* Others included: purification from contact with the dead (Num. 19:10), observance of the Day of Atonement (Lev. 16:29), prohibition of leaven during the Days of Unleavened Bread (Ex. 12:19), instructions for sacrifice (Lev. 17:8, 22:18,25; Num. 15:14-16, see above), uncleanness from certain types of dead animals (Lev. 17:15, Deut. 14:21), recompense for injury (Lev. 24:19-22), recompense for killing an animal (Lev. 24:18-22), redemption of Hebrew slaves in the year of Jubilee (Lev. 25:47 ff.), being cut off for defiant sin (Num. 15:29,30), flight to a city of refuge for an unintentional murder (Num. 35:15), eating what grows of itself in the sabbatical year (Lev. 25:6), gleaning of the field if poor (Lev. 19:10, 23:22). Gentiles living within the gates of Israelite cities were also required to rest on the Sabbath (Ex. 20:10, Deut. 5:14), celebrate the Feast of Weeks (Pentecost) and the Feast of Tabernacles (Deut. 16:11,14), and hear the reading of the Law every seventh year (Deut. 31:12). Several of these were no longer relevant after the 1st cent. AD when the Temple had been destroyed.
The most important of these were grouped together by the rabbis to create the seven Laws of Noah. "The descendants of Noah [Gentiles] were commanded seven precepts: to establish courts of justice, to refrain from blasphemy, idolatry, sexual immorality, murder, robbery, and eating from a living animal [an animal that still has blood in it; see Lev. 17:11]" (Sanh. 56a). These were considered, and are still taught by Judaism today, to be God’s law for Gentiles.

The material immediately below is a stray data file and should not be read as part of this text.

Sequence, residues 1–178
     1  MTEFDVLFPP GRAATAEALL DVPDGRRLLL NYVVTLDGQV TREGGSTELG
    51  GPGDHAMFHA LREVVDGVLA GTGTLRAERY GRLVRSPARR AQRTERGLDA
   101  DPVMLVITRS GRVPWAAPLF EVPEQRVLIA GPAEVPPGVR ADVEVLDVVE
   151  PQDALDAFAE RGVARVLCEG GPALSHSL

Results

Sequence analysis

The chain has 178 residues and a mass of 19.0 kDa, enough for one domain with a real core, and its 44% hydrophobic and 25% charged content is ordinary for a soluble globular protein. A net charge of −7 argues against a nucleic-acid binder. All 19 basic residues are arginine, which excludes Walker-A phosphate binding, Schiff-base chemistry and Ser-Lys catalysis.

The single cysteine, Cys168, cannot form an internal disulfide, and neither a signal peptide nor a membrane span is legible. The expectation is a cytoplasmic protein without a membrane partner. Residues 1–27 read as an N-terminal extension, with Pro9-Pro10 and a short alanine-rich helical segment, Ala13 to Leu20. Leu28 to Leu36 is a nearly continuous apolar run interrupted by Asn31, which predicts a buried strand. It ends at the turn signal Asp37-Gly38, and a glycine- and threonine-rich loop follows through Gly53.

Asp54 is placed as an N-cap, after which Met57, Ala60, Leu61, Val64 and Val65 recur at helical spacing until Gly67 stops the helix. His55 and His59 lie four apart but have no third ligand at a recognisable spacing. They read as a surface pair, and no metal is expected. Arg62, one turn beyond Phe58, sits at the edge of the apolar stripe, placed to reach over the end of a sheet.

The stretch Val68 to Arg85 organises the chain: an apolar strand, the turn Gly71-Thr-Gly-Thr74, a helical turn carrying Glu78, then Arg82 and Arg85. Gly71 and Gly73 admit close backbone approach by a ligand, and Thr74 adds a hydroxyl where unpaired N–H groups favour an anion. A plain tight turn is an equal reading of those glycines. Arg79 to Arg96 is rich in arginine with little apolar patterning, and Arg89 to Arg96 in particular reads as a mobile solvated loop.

This result was anticipated by the New Testament in Acts 15 when the early Christian leaders, gathered in Jerusalem, required Gentiles who believed in Jesus to "keep away from the impurities of the idols, and sexual immorality, and what is strangled and blood" (Acts 15:20). In addition to these things, of course, they were required to keep the whole of the teaching of Jesus, which included other laws, such as the prohibition of murder (Matt. 5:21,22) and the prohibition of theft and lying (Matt. 19:18). But as for the Law of Moses, only these three things were required.
So is the Law of Moses required for everyone? The Bible, the early Church, traditional Christianity, and traditional Judaism all agree that only certain specific parts of the Law of Moses are intended for Gentiles. The rest is an exclusive covenant that God made with the Jewish people. What is the purpose of that exclusive covenant? It’s a foreshadowing of the New Covenant in Messiah: “For the Law, having a shadow of the good things about to come, not the very image of those things, is never able to make those coming near perfect by the same sacrifices that they offer continually year after year” (Heb. 10:1). Without the Law, we would not know who Messiah is or what he came to do. But because of the Law, we understand God’s purpose, which is fulfilled in Messiah. “Do not suppose that I came to abolish the Law or the prophets; I did not come to abolish, but to fulfill them” (Matt. 5:17).
Now, in Messiah, there are two distinct groups of believers: those “from the circumcision” (Jewish) and those “from the uncircumcision” (Gentile; Rom. 3:30, 4:9-12, 15:8-9; Gal. 2:7,12; Eph. 2:11; Col. 4:11). Each has a different calling (1 Cor. 7:18-20). Each provides an important witness to the truth of the gospel. Rather than usurping the calling God has given to the Jewish people, let us maintain our testimony as Gentiles to the mercy of God for including us in his plan of salvation.
“Us, whom he also called, not only from the Jews but also from the Gentiles, as he also says in Hosea, ‘I will call those who were not my people, “my people,” and her who was not loved, “beloved.” And it will be in the place where it was said to them, “You are not my people,” there they will be called sons of the living God”’” (Romans 9:24-26 quoting Hosea 2:23 and 1:10).